The Socratic method, which derives from the Greek philosopher, Socrates, and relies on dialogue rather than traditional lecturing, underpins the GIBS approach to learning. With teaching case studies central to this method, the Case Study Hub was established to improve and enhance case writing at GIBS.

Professor Albert Wöcke leads the GIBS Case Study Hub, formally established in 2019. He says GIBS has been producing case studies since its early history. “At the time, there was no real strategy – we were really looking for content for our classes,” he says. “We were teaching international cases and wanted something our students could more easily relate to.”

At a conference, he and Professor Helena Barnard connected with Ivey Publishing, based at Ivey Business School, University of Western Ontario, a leading business case study provider, currently with over 39,000 products in its collection. This developed into a formal agreement that saw Ivey publishing and co-branding top-quality GIBS case studies, complete with teaching notes. This includes peer reviewing and distributing cases, and GIBS cases are distributed internationally and used in more than 20 countries because of this relationship. Many have also been showcased and listed as bestsellers by Harvard Business School Publishing.

Since then, GIBS has developed a relationship with Emerald Publishing, a global business operating in 130 countries. Emerald launched the Emerging Markets Case Series and began soliciting case studies from GIBS for this.

“We began encouraging faculty members to consider case writing,” says Wöcke. “We had prolific writers, such as Professor Caren Scheepers. She was enormously important in the evolution of case studies at GIBS, and for easily the past 10 years, we’ve been the leading case-writing school on the continent.”

Dr. Tracey Toefy, lecturer and case writer, says she was fortunate that Scheepers offered to collaborate with her on her first case. “She provided valuable input, mentorship and encouragement while we wrote the case and through the publication process,” she says. “Through writing cases, I have engaged with phenomenal people doing amazing things in their businesses. It has been inspiring and an honour to be trusted to tell their stories and present them in our classrooms.”

Scheepers also approached Dr. Motshedisi Mathibe, a lecturer at GIBS, when she was a new faculty member, to ask her to consider writing cases. “At first, I didn’t really understand the process,” Mathibe says. “But as we worked through writing a case together and after I had attended one of her workshops, I realised that cases are about bringing alive the experiences of entrepreneurs in the classroom. And how exciting is that?”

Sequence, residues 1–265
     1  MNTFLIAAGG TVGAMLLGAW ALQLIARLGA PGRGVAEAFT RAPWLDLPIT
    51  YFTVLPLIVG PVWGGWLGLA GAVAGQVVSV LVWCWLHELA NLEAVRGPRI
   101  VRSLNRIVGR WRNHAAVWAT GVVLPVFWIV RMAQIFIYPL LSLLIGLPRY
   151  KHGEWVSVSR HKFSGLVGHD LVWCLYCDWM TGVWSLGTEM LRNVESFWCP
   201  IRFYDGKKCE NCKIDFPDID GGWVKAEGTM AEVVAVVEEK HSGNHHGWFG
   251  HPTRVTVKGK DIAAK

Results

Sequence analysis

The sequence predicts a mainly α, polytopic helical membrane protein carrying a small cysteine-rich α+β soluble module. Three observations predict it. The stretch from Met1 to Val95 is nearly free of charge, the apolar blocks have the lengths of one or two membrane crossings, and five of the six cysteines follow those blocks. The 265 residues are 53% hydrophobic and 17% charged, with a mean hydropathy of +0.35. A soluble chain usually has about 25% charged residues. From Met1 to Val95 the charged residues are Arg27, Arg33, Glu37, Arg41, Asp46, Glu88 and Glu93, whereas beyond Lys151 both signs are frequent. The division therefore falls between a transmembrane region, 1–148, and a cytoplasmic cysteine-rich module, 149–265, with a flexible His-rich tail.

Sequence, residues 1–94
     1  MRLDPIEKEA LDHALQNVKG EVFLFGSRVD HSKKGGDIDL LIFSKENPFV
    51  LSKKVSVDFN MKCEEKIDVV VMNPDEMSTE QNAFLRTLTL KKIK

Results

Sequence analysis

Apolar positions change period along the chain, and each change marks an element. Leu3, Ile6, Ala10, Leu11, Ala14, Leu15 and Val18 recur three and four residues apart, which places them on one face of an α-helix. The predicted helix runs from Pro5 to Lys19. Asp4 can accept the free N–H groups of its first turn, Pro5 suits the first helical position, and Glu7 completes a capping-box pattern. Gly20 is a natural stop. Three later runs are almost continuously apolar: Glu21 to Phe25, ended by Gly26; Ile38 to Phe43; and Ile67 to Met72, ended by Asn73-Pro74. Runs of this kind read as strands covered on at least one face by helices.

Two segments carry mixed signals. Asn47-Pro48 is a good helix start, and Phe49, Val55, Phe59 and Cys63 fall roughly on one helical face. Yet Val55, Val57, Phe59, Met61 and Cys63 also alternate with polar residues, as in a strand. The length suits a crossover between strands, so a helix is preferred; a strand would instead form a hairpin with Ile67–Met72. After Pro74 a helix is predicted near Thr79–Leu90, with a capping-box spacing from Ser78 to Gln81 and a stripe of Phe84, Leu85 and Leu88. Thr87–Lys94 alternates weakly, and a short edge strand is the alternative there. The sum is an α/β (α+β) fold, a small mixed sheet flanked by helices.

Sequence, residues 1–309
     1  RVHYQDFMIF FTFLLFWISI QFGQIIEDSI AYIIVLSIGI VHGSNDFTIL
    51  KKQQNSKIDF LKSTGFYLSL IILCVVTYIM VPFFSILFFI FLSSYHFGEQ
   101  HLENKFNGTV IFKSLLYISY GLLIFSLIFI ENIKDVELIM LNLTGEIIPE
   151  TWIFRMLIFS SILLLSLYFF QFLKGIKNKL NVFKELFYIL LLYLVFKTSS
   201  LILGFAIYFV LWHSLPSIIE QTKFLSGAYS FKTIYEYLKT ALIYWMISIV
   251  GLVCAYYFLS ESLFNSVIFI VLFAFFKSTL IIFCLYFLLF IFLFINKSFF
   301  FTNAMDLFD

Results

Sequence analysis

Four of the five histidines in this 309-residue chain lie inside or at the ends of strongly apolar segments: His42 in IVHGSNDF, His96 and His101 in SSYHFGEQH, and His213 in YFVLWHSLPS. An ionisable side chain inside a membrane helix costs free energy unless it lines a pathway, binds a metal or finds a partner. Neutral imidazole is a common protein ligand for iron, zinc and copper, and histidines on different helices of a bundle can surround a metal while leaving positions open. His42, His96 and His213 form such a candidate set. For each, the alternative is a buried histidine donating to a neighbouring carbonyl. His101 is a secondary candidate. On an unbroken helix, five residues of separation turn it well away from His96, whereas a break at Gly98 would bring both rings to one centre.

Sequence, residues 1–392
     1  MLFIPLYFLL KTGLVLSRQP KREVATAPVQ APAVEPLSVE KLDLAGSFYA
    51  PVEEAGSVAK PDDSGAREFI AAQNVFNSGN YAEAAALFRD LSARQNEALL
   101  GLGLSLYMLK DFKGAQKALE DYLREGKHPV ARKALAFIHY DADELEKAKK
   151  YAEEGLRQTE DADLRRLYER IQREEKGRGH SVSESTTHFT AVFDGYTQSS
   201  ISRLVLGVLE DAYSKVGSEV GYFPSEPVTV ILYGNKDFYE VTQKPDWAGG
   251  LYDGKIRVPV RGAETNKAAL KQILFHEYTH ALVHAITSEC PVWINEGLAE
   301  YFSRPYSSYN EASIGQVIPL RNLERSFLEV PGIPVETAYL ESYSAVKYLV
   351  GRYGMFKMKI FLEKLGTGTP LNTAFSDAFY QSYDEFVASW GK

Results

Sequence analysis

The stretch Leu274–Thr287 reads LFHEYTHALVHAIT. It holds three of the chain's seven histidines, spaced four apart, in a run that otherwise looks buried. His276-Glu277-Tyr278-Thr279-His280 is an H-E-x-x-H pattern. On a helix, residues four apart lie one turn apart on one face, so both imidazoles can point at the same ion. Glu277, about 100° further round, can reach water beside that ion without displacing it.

She says writing cases has taught her the skill of storytelling. “I grew up with my grandparents, and every night we’d sit around the fire, and they’d tell stories. Now I’m able to relive that experience – not just listening and learning but putting stories down on paper. It’s helped me to wear the shoes of entrepreneurs and to learn how to incorporate theory into the story.”

Making things official 

It was in 2019 that the GIBS Case Study Hub was officially established to coordinate the cases and increase the volume and reach while maintaining the quality.

“This is important, not just for South Africa, but for Africa – to make sure that the voice of the African continent comes through and that we will be teaching local cases that resonate with African managers and businesspeople,” says Wöcke.

However, just six months after the GIBS Case Study Hub was established, Covid-19 turned the world upside-down. In hard lockdown in 2020, together with Professor Danie Petzer, head of research at the time, the Case Study Hub team decided to focus on a series of mini cases on Covid-19. They set a tight deadline.

“We had to do something quickly,” says Wöcke. “The pandemic was unprecedented, and we needed content to teach in our classes. Case studies with complex problems are perfect for that.”

By July 2020, the first cases were published. The series was picked up by Emerald, and GIBS produced 14 in total – a remarkable achievement given the time frame.

Wöcke believes that the secret ingredients were that GIBS faculty members are well-connected to the business community (which meant that great stories were available quickly) and that they know how to teach case studies, which meant they could quickly adapt to teach the new cases online.

In 2021, the Case Study Hub produced another series of mini cases on recovering from Covid-19 and is busy with the third set for 2022.

The Case Study Hub produces over 20 cases per year, runs several faculty support workshops, and offers mentoring to support new faculty writers and MBA candidates in authoring case studies.

Best case scenarios

The GIBS Case Study Hub and its writers have produced exceptional work, and 2022 has been a bumper year of awards.

  • A case authored by professional associates, Amy Moore and Verity Hawarden, Abelana Game Reserve: Community Partnership Driving Shared Value in Ecotourism, won the Financial Times’ teaching case award for Responsible Business Education. The multifaceted case incorporates not only ecotourism, but partnerships with the local community, thereby creating shared value for all stakeholders, and tackles issues such as sustainability, upskilling of workers, job creation and collaboration.